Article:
The increase in population experienced by these two neighborhoods has been accompanied by an influx of higher income residents and increasing house prices and rents, despite persistent and high levels of poverty. Data from the land use survey reflect the dual nature of the two Chinatowns as mixed-use neighborhoods with predominantly lower income residents that are seeing an influx of higher income residents who are less likely to be Asian. The surveys identified a wide number of small scale commercial uses (restaurants, grocery stores, and professional services) rather than chain stores. Tenement type housing persists, but also loft condominiums have been developed in former industrial buildings and new residential buildings have gone up, both of which serve a different demographic.

Greater Asian ownership

Significantly, property ownership trends in both Chinatowns run counter to neighborhood demographic trends. In both neighborhoods, not only in the number but also the share of Asian owners has grown, although they still represent a smaller share of owners than of residents. In Boston the share of owners with Asian names increased from 20 to 23 percent between 2003 and 2013, while it increased from 23 to 37 percent in Philadelphia. These increases are particularly notable because they took place in the context of a large increase in the overall number of owners as a result of the new condominiums, which are less likely to have Asian owners. We also find a decrease in the share of off-site owners (investors or owners of commercial properties) in both neighborhoods, although they remain the majority and many of them do not live in these Chinatowns. At the same time, while the number and share of corporate owners (Trusts, LLC, LP, …) increased substantially in Boston’s Chinatown, in Philadelphia the number of properties with corporate ownership remained stable and the share of properties they control declined.

These changes in ownership structure point to the need to look beyond residents when analyzing neighborhood change, as decisions about the future use of individual properties can be made by individuals that do not live in these Chinatowns even if they have their business there or have lived there previously. Our findings indicate that while both neighborhoods have long faced redevelopment pressures, they are now experiencing changes in residents and ownership structures that simultaneously reinforce and complicate debates about gentrification and longstanding efforts to preserve these ethnic enclaves. These changes create tensions about what it means to preserve their functions as ethnic enclaves and what forms Chinatowns should take. Actions by community institutions, individual owners and residents, as well as local policies will decide the fates of these neighborhoods and what it means to preserve these and other downtown Chinatowns.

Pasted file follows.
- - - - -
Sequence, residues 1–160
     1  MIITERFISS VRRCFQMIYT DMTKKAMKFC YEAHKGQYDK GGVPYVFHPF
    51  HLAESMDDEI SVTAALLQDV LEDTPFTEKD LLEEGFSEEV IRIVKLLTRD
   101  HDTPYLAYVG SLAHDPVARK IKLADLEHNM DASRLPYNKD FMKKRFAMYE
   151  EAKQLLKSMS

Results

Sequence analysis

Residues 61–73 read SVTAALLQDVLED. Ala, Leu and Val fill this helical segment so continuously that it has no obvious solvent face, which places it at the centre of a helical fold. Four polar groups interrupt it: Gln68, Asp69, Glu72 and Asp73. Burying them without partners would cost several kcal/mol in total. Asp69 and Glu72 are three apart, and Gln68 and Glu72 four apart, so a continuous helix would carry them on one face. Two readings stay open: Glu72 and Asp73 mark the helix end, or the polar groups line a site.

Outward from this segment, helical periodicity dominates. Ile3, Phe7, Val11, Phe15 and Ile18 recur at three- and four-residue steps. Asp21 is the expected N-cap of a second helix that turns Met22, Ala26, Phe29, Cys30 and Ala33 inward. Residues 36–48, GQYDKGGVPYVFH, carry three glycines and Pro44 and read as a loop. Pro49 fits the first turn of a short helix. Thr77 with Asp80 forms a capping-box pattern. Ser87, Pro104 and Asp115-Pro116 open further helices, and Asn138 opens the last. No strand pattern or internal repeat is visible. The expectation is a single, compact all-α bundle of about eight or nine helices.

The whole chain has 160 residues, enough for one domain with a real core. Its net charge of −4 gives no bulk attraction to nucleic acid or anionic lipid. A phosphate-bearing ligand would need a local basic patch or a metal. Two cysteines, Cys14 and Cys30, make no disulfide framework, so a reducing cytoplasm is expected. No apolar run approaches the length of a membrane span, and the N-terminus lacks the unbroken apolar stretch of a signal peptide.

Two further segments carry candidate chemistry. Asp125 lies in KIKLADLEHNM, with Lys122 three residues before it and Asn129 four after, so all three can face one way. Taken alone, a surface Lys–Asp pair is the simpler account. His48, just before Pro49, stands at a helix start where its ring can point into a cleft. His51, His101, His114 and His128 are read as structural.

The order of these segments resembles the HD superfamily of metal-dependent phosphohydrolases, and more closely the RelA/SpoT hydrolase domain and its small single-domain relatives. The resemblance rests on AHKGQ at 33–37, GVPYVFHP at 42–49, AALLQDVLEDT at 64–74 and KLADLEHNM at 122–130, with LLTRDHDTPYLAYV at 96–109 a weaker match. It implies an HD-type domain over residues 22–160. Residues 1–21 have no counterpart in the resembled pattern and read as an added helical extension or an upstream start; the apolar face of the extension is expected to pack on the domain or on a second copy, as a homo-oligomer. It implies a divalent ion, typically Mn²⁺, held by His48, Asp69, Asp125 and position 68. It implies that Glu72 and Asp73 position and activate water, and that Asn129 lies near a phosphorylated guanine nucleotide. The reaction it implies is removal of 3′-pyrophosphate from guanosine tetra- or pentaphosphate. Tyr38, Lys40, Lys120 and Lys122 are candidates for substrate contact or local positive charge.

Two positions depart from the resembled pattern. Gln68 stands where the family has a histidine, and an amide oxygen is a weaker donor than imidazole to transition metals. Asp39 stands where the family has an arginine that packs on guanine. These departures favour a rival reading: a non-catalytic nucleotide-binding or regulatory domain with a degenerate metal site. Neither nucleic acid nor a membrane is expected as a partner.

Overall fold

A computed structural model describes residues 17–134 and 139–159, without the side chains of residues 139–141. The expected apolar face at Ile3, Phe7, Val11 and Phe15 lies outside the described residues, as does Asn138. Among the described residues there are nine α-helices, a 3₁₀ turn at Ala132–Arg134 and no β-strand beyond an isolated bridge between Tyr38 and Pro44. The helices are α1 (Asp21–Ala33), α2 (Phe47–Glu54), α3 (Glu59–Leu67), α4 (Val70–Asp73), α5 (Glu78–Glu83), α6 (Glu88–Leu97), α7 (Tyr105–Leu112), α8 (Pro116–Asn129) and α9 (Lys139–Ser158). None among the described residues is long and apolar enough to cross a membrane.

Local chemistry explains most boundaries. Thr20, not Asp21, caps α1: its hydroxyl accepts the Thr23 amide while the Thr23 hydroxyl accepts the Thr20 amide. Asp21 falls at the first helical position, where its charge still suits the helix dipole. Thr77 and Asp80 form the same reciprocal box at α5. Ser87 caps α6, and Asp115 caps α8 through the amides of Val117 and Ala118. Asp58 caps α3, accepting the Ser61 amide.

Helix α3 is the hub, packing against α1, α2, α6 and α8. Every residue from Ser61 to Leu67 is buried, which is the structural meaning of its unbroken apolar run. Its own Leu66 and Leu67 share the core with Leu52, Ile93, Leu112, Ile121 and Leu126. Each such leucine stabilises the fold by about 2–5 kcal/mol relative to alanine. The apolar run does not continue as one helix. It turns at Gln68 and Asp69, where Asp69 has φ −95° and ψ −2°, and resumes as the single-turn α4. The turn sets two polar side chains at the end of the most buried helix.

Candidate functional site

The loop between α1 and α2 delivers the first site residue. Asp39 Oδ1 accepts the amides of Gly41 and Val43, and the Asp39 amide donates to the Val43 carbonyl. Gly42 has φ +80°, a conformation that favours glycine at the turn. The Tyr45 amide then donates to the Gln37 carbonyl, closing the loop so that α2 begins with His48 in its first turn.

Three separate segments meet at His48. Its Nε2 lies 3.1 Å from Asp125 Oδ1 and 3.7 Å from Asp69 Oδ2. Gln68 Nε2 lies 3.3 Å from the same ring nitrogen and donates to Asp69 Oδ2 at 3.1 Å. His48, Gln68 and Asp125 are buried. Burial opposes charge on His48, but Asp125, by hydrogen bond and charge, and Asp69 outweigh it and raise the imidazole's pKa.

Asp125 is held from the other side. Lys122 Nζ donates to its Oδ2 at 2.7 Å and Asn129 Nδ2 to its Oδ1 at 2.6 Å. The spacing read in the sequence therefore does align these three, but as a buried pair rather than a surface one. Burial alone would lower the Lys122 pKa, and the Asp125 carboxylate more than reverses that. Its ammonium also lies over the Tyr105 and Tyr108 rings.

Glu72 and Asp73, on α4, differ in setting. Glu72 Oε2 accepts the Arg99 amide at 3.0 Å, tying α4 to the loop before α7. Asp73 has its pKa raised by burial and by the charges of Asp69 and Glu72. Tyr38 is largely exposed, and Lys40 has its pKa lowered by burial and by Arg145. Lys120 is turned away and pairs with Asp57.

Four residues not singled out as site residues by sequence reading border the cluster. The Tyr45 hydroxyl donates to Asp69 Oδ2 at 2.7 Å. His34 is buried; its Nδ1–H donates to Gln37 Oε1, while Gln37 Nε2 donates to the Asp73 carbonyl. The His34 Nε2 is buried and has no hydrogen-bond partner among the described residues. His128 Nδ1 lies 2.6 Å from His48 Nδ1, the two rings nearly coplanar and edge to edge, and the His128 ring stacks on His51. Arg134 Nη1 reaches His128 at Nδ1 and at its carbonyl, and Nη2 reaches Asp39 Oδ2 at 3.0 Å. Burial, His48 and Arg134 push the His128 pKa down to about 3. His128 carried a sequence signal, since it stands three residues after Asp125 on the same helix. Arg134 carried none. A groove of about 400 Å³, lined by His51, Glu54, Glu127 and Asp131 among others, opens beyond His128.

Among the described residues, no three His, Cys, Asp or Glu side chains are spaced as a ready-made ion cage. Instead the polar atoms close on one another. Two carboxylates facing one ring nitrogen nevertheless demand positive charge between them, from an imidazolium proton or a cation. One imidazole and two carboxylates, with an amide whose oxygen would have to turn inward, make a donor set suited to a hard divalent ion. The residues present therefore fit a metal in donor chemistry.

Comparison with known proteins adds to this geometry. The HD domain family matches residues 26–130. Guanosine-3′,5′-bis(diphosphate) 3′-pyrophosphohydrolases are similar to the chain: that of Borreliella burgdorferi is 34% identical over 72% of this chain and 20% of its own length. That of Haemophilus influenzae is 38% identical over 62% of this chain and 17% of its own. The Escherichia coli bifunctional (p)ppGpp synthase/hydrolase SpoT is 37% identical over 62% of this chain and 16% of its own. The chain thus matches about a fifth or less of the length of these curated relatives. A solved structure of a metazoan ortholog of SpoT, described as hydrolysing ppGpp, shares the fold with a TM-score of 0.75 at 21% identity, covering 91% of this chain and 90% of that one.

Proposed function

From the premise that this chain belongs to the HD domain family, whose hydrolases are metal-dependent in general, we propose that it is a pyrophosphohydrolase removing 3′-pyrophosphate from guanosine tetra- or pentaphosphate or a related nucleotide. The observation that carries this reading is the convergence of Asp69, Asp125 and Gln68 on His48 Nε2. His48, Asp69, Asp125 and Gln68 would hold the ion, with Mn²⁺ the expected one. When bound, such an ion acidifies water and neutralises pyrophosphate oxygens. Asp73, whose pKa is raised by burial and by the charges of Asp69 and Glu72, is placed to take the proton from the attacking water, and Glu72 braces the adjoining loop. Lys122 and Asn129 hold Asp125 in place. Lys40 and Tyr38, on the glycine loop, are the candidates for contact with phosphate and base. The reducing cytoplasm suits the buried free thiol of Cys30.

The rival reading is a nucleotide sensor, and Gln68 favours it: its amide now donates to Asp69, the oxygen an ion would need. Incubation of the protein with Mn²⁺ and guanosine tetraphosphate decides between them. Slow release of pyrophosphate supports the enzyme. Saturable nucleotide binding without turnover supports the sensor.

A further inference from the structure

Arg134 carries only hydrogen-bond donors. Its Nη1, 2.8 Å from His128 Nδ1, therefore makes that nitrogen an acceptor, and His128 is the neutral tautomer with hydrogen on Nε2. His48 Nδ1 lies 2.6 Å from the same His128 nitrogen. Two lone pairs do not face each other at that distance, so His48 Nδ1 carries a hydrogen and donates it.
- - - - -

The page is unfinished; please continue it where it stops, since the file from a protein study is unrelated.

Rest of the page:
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Note:  This article gives the views of the author, and not the position of USAPP– American Politics and Policy, nor of the London School of Economics.

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About the authors 

Arthur AcolinUniversity of Washington
Arthur Acoca Acolin is an Assistant Professor of Real Estate at the University of Washington with a broad interest in housing economics and a focus on international housing policy and finance.

 

Domenic VitielloUniversity of Pennsylvania
Domenic Vitiello is an Associate Professor of City Planning and Urban Studies at the University of Pennsylvania. His research on immigration compares civil society and community development in diverse newcomer and receiving communities.